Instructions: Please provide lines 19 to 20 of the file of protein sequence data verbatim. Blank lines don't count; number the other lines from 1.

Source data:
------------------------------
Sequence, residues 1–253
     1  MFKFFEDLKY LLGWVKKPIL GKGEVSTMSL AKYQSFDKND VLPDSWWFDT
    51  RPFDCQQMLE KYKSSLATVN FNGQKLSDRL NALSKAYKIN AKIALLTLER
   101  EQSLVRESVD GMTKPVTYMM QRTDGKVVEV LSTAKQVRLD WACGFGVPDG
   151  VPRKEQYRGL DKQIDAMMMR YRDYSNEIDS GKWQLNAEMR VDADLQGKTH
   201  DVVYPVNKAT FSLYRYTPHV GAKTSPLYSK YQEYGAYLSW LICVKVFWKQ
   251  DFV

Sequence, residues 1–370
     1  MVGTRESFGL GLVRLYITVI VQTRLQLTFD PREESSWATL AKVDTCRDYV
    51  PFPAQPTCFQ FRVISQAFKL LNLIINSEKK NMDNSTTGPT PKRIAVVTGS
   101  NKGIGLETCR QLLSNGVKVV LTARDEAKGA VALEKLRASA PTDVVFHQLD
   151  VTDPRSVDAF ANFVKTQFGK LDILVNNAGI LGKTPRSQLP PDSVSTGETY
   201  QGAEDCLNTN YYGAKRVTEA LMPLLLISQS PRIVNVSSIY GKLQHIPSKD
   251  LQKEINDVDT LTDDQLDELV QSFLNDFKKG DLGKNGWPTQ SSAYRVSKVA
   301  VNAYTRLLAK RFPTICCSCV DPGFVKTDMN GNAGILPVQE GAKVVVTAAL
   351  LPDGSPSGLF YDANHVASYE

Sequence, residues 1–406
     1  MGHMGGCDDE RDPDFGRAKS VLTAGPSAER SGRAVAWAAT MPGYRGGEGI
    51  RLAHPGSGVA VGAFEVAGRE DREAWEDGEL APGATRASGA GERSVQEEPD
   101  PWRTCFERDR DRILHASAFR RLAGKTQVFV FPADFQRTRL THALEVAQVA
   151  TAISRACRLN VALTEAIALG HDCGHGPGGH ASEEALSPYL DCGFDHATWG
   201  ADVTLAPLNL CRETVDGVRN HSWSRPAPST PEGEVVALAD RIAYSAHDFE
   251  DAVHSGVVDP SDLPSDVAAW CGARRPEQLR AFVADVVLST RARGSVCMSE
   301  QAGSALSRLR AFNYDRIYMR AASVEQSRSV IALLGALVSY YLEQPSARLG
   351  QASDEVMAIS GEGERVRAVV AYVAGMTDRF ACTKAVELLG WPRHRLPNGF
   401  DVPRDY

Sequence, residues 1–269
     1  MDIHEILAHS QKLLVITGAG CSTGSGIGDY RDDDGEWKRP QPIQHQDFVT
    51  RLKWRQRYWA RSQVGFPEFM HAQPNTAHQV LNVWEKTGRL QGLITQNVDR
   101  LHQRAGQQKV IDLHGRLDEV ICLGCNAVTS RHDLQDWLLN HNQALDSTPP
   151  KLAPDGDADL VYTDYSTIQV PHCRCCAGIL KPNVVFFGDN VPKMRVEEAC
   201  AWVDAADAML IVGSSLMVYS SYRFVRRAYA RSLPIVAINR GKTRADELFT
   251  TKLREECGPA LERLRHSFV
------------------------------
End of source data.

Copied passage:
    51  RLAHPGSGVA VGAFEVAGRE DREAWEDGEL APGATRASGA GERSVQEEPD
   101  PWRTCFERDR DRILHASAFR RLAGKTQVFV FPADFQRTRL THALEVAQVA